The exclusion of patients involved cardiac abnormalities which suggested cardiac syncope, symptomatic orthostatic hypotension, non-syncopal loss of consciousness.

During the initial evaluation in all patient a TTT was performed according to the Italian protocol.8 It consisted in a 60-70 grades passive tilt for a duration of 20 minutes or until the occurrence of syncope; if the passive tilt phase did not induce syncope, 0,4 mg oral nitroglycerine spray was administered to the patients while the table was maintained in the same position; the test was continued for 15 minutes after pharmacological challenge. TTT positive responses were classified according to the New Vasis classification9 in asystolic or vasis 2B form (those with an asystole > 3 s) or mixed or vasodepressor forms (all the other forms without asystole).

After a careful initial evaluation and execution of TTT, all these patients followed a diagnostic iter guided by ILR and were followed till the first documented syncopal recurrence or an occurrence of a diagnostic arrhythmic event. Events were classified according to the ISSUE classification10 as: type 1 (asystole < 3 s), type 2 (bradycardia), type 3 (slight o no rhythm variations) and type 4 (tachycardia).

According to the ISSUE-3 Trial we implanted a dual chamber pacemaker with a specific algorithm for reflex syncope, the rate drop response (RDR), in patients with a documented asystole > 3 seconds and concomitant syncope or asystole > 6 seconds irrespective of the recurrence of syncope.

In this observational and retrospective study we wanted to observe the results of TTT in the two groups of treated patients: the group with recurrences and the one without recurrences.


We treated 24 patients (10 male and 14 female, age of 70+12 years) implanting a dual chamber PM with RDR algorithm in the period between 2008 and 2012.

All patients had not a significant structural heart disease, had a presentation of likely reflex syncope, with a burden of 4+2 episodes in the index year. 10 patients had no previous medical treatment. Because of hypertension 6 patients used 1 treatment (Ca-antagonist), 8 patients received two treatments (5 patients Ca-antagonist and Ace-Inhibitor, 3 patients furosemide and Ace-Inhibitor).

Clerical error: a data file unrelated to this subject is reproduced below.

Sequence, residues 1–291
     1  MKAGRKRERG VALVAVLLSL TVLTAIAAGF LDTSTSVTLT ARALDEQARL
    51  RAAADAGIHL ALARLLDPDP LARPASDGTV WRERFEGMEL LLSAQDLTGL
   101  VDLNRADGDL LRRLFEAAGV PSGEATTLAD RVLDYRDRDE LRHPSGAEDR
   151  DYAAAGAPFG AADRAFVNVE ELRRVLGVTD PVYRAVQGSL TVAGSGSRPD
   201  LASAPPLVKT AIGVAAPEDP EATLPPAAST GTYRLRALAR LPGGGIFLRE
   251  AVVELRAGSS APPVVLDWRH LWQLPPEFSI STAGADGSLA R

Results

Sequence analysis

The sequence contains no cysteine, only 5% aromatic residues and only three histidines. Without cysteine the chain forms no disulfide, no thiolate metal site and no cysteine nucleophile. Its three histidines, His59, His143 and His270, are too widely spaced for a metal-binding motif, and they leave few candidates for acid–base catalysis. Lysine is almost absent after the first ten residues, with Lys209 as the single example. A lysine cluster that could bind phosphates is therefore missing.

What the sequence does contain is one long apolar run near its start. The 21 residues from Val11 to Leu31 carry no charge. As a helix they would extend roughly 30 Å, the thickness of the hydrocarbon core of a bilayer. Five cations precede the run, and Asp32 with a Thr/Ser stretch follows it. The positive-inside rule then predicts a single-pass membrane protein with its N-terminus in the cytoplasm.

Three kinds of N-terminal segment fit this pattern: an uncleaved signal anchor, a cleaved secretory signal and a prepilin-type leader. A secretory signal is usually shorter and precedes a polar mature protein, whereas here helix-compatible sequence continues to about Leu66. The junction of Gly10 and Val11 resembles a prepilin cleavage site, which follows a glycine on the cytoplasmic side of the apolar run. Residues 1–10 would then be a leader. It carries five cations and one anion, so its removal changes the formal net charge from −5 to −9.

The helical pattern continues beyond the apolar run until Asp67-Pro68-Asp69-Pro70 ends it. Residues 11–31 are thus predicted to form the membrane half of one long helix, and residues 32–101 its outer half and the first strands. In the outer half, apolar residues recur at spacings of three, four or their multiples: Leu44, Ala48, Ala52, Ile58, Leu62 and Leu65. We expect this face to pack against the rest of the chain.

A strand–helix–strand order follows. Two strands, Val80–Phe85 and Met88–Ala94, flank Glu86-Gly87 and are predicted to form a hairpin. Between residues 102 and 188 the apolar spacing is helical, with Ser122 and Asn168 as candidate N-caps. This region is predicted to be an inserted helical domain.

During an average follow-up period of 35 months the recurrence of syncope occurred in 7 patients (29%). 17 patients (71%) had not recurrences during the follow-up (Figure 1).

Figure 1. Recurrences in patients treated with PM

The mean time to first syncope recurrence was 7 months ±7 (95% CI).

TTT was positive in 4 patients out of seven with recurrences (in two cases documented CI): 57%.

Among the 17 patients without recurrences TTT was positive only in 2 patients (12%), 15 patients had a negative TTT (88%), p= 0.02 (Figure 2).

Figure 2. TTT results in patients with recurrences


Considering that we are talking about well selected patients through a careful clinical evaluation, without structural heart disease and no rhythm disturbances, the common diagnostic pathway is overthrown by a small group of patients which presents with likely atypical reflex syncope.

Figure 3. Recurrence-free survival of patients treated with PM and negative TTT

The ours is only a small experience, which is confirmed by an important subanalysis of the ISSUE-3 Trial.11 This substudy demonstrated that the benefit of pacemaker therapy in patients with presumed neurally-mediated syncope and documented asystole is greater when tilt test is negative. 52 Patients (26 TTT+, 26 TTT-) with asystolic ILR were treated with a PM: the recurrence of syncope occurred in 8 (31%) with TT+ and 1 (4%) with TT- patients. The unexpected and important conclusions of this subanalysis were that pacing is effective in NMS with asystole by ILR and negative TTT; there is no evidence of efficacy in positive TTT; although a positive asystolic TTT response predicts a clinical asystolic NMS, the pacing benefit is similar to that of positive non-aystolic TTT response.

Considering all that we are talking about results which could change the previous knowledge related to the historical role of TTT; in the past we implanted a PM after evidence of a significant asystolic event during the TTT, at the moment the discussion concerns the fact that just patients with positive TTT (irrespective of cardioinhibitory or vasodepressor form) are those who respond less to a PM therapy.